One way to dial back tech exposure is to consider adding positions in other areas as a counterweight. Adding assets to a value-oriented fund is one way to counterbalance the tech-oriented growth stocks that have dominated the market in recent years. Finally, consider adding a small stake in sectors that have historically had lower correlations with the tech sector, such as energy, utilities, and real estate.

 

Amy C. Arnott, CFA, is Director of Securities Analysis for Morningstar. This article is general information and does not consider the circumstances of any investor. It has been modified somewhat from the original US version for an Australian audience. 

Register for a free trial of Morningstar Premium on the link below, including the portfolio management service, Sharesight.


Try Morningstar Premium for free


 

RELATED ARTICLES

Why the tech giants still impress

Why the four tech giants are not expensive

The connectivity revolution is only just beginning

banner

Most viewed in recent weeks

24 hot stocks and funds for 2021

Many investors use the new year to review their portfolios, and in this free ebook, two dozen fund managers and product providers give their best ideas for 2021 - some stocks, some funds, some sectors.

Great new ways the Government helps retirees

Last year's retiree checklist of services available was one of our most popular articles. There are some additions for 2021, and while it can take effort to set them up, they can pay off over the long term.

The hazards of asset allocation in a late-stage major bubble

The Grantham article everyone is quoting, in full. "The long, long bull market since 2009 has finally matured into a fully-fledged epic bubble ... this could very well be the most important event of your investing lives."

Four simple strategies deliver long-term investing comfort

A long-time advocate of the merits of generating income by investing in industrial companies rather than bonds or deposits checks his 'mothership' chart for the latest results, and continues to feel vindicated.

Cut it out ... millionaires are not wealthy

The widespread use of 'millionaire' must stop. Inflation means that the basket of goods and services that cost $1 million in 1960 now requires $15 million. Today, millionaires are not wealthy.

Retirement changes everything: a post-retirement investing framework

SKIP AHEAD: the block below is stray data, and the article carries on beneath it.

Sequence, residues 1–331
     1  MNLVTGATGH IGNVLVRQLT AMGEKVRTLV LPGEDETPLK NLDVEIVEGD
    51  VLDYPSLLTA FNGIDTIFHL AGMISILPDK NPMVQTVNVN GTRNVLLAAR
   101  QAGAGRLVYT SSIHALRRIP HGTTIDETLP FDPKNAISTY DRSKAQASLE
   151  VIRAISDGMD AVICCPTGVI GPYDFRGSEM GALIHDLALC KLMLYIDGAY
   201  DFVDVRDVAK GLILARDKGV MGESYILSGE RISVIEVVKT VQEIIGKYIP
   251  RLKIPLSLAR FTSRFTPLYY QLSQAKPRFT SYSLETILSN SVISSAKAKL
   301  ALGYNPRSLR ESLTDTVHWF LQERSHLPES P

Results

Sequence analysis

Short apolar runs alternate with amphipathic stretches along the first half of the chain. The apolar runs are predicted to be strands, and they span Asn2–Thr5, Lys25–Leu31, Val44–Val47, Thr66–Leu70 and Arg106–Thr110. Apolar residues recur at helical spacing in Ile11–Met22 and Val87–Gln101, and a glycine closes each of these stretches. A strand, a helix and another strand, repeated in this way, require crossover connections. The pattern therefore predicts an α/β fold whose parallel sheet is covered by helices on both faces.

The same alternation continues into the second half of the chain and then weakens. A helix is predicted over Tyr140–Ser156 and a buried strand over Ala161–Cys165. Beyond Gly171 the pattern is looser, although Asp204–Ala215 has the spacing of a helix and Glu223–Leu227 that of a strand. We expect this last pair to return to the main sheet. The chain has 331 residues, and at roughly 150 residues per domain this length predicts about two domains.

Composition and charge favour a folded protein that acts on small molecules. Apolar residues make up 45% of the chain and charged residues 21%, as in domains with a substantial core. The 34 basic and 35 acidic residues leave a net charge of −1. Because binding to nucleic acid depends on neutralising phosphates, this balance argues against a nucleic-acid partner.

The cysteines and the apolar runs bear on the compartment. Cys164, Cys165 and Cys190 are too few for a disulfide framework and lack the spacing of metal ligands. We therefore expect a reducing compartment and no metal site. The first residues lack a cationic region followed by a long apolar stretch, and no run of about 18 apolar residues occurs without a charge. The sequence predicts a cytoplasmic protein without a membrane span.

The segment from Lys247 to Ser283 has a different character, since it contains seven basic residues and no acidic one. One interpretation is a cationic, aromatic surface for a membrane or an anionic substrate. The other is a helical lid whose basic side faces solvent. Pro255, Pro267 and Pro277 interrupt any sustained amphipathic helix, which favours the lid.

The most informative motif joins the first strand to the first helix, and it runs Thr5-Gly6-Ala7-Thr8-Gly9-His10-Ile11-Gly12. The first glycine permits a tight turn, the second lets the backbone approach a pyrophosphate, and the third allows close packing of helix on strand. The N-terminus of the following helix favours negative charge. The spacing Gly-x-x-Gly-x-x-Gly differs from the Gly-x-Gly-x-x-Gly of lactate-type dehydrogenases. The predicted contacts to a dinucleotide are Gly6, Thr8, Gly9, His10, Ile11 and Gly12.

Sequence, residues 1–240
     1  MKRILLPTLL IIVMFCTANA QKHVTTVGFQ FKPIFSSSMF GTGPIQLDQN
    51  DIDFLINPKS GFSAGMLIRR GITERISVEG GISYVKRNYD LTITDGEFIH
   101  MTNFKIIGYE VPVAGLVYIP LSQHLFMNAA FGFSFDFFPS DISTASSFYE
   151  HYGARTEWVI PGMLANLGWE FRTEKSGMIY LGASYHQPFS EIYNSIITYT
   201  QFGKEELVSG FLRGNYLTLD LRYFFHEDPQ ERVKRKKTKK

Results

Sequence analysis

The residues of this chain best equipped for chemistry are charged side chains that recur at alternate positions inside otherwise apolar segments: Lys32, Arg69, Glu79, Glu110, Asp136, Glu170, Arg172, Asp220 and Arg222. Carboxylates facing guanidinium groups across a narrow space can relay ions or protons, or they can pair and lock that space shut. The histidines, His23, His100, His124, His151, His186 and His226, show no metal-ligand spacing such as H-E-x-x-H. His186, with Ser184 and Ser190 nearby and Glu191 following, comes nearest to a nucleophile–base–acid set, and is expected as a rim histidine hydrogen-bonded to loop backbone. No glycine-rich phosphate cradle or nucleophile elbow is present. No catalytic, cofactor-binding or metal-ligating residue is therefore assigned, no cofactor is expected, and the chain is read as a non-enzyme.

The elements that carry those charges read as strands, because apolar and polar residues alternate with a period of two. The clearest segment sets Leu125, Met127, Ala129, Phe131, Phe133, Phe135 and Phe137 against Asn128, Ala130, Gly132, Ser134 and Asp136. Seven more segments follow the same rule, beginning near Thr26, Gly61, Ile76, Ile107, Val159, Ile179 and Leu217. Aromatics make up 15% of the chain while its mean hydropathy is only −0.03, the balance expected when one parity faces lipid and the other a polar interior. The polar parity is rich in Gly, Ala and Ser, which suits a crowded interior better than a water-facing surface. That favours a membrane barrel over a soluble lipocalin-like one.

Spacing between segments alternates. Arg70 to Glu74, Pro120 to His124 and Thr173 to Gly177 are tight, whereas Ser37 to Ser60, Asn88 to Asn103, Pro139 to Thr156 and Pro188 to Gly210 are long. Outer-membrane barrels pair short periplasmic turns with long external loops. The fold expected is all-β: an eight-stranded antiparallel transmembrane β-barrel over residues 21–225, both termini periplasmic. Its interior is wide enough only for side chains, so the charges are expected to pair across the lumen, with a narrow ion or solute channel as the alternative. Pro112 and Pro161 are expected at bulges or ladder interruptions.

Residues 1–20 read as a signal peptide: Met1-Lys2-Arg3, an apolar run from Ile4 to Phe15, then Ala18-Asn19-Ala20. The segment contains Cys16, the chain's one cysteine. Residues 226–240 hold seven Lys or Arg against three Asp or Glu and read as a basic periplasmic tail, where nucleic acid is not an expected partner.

Categorising post-retirement needs – living, lifestyle, legacy and contingency – creates a framework for retirees. Advisers can translate these needs into investment goals and portfolios.

Latest Updates

Investment strategies

Unfortunately, all fund manager presentations are good

Part of the fund manager's job is to raise money from investors, and with years of practice, a few good stock stories and an educated guess on the future, it's not hard to present well. That's a problem for investors.

Latest from Morningstar

Win some, lose some: Buffett's 2020 scorecard

Warren Buffett's investment portfolio gains attention because of his legendary status, but parts of his empire in insurance, railways, metalworking and aircraft suppliers have been damaged by the pandemic.

Shares

Prefer or defer? Sector and investment themes for 2021

It's time for equity prices to more closely tie to a company’s underlying near-term earnings trajectory and financial strength. Despite the market trading at record levels, some stocks have been left behind.

Retirement

Is cancelling the SG increase a retiree version of ‘Buy now, pay later’?

No doubt, any reduction or deferral in the SG increase would be received favourably by many. However, early access and lower contributions undermine the foundation of our super system.

Three ways to match housing affordability with good returns

This increased focus on affordable housing is welcome but the challenge is that investors typically require ‘market’ rate financial returns. By definition, social housing tenants cannot pay market rent.

Investment strategies

Investors face their own Breaking Bad moment

Savers are making small decision after small decision that leads them away from investing and closer to outright speculating. Time will tell if this ends in a bloody climax or we all live happily ever after.

Shares

Australian banks prove resilient but risks remain

Australian major banks reported a decline in financial performance in 2020 but as the impact of the pandemic evolves, the banks maintained a strong focus on customers. Is the renewed market optimism justified?

  • KPMG
  • 1 January 2020

Sponsors

Alliances

© 2021 Morningstar, Inc. All rights reserved.

Disclaimer
The data, research and opinions provided here are for information purposes; are not an offer to buy or sell a security; and are not warranted to be correct, complete or accurate. Morningstar, its affiliates, and third party content providers are not responsible for any investment decisions, damages or losses resulting from, or related to, the data and analyses or their use.
Any general advice or class service prepared by Morningstar Australasia Pty Ltd (ABN: 95 090 665 544, AFSL: 240892) and/or Morningstar Research Ltd, subsidiaries of Morningstar, Inc, has been prepared by without reference to your objectives, financial situation or needs. Refer to our Financial Services Guide (FSG) for more information. You should consider the advice in light of these matters and if applicable, the relevant Product Disclosure Statement before making any decision to invest. Past performance does not necessarily indicate a financial product’s future performance. To obtain advice tailored to your situation, contact a professional financial adviser. Articles are current as at date of publication.
This website contains information and opinions provided by third parties. Inclusion of this information does not necessarily represent Morningstar’s positions, strategies or opinions and should not be considered an endorsement by Morningstar.

Website Development by Master Publisher.